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Just before the last General Election, a group of us signed a letter (VR, June 3, 2017, vol 180, p 546-547) summarising our opposition to fox hunting, an activity that the prime minister openly supported.
One of the points we raised concerned the potential spread of bovine TB (bTB) by the Kimblewick Hunt’s pack of hounds, which had become infected in 2016. The formal report of this outbreak of bTB in hounds has recently been published by Edinburgh University in association with APHA/Defra.1
Kimblewick’s approximately 180 hounds operate over six counties of England in the edge and low-risk area for bTB in cattle. In the report, the authors eloquently explain how molecular pathological techniques, including serology and interferon-gamma release assay (IGRA), have been developed for use in diagnosing bTB infection in dogs.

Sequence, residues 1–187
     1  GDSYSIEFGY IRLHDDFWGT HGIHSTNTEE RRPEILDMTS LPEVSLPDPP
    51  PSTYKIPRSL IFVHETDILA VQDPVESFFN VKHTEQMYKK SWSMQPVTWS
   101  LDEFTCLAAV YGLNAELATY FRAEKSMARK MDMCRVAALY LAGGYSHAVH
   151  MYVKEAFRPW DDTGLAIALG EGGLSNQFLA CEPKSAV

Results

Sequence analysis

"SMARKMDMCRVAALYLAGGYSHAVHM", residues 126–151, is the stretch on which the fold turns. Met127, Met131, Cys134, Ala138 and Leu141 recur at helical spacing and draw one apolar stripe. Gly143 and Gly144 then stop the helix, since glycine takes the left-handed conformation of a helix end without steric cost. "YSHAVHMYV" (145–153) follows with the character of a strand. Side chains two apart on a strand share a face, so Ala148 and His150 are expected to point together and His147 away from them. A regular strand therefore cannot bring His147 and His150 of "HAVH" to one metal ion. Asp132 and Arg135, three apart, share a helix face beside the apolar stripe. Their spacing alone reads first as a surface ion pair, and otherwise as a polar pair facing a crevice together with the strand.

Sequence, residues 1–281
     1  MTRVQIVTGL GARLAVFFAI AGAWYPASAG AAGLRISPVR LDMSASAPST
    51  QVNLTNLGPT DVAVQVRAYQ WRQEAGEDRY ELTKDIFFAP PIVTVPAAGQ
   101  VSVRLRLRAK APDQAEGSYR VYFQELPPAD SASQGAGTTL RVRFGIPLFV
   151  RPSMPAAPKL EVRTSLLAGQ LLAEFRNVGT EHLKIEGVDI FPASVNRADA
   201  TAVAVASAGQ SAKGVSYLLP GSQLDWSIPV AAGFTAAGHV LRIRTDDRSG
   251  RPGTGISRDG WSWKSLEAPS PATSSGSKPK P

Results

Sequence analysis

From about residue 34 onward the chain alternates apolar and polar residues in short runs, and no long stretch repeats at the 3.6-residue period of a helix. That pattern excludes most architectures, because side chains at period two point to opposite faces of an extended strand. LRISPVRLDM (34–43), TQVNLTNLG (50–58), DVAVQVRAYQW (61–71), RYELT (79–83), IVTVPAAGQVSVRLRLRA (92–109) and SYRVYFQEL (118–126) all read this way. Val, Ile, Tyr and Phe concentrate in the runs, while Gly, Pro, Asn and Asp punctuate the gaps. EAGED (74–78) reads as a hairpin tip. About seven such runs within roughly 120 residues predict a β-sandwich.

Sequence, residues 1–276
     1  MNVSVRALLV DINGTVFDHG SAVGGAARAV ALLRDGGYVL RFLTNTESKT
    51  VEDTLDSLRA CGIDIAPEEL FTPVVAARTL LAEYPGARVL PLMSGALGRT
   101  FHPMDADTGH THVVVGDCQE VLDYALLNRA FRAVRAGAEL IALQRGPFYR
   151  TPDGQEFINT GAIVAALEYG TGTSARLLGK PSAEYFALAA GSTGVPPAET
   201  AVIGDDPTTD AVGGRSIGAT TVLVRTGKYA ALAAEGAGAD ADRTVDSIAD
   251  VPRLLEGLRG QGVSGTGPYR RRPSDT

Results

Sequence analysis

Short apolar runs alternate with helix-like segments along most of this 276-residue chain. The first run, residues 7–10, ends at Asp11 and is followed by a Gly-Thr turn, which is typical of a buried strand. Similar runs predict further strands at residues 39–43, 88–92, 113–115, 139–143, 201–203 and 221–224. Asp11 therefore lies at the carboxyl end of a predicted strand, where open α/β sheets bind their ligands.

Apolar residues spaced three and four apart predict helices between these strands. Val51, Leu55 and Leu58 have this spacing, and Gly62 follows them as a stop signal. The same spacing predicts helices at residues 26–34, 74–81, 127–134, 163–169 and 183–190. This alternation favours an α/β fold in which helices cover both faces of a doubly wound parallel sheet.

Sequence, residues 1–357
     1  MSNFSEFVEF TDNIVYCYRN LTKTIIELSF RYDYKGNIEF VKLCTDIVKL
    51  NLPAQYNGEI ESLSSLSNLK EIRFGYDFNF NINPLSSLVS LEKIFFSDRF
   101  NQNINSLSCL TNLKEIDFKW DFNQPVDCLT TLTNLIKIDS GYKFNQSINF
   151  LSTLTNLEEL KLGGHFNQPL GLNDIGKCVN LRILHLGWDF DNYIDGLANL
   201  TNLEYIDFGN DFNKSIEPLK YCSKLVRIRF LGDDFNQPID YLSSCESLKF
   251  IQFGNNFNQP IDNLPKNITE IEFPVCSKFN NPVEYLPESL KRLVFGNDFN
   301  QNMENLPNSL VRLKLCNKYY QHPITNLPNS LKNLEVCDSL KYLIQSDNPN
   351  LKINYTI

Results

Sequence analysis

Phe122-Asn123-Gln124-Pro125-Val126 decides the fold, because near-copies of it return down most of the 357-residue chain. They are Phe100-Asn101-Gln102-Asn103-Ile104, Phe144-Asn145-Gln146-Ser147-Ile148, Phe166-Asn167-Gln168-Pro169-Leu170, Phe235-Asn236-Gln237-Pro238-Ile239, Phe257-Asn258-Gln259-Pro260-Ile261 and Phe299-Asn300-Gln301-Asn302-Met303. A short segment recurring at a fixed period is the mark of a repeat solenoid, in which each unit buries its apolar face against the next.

Of the 164 hounds that were tested, 97 had evidence of bTB infection. The authors state: ‘… it was assumed that any hound with a significant interferon-gamma response to at least one test antigen was infected and potentially infectious. Any such hound would therefore pose a risk to human and animal health, as well as to the environment and should be removed from the pack and euthanased.’
The most likely route of bTB infection in hounds was the feeding of bTB-infected meat
Consequently, these infected dogs were culled. The authors propose the most likely routes of infection for these hounds. Two broad conclusions are that:
The most likely route of bTB infection for hounds was feeding them bTB-infected meat. …
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